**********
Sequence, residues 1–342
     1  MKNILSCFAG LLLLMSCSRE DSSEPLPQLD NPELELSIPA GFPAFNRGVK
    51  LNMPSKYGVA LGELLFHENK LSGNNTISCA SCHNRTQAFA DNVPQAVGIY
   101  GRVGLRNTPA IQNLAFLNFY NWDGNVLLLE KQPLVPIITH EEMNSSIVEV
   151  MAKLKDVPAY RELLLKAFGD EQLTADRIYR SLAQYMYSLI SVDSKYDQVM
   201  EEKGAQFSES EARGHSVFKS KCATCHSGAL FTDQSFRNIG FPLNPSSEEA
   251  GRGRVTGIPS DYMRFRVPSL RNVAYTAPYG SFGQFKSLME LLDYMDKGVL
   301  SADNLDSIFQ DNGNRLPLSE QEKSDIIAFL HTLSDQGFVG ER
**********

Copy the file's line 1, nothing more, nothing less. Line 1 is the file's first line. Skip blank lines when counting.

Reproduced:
Sequence, residues 1–342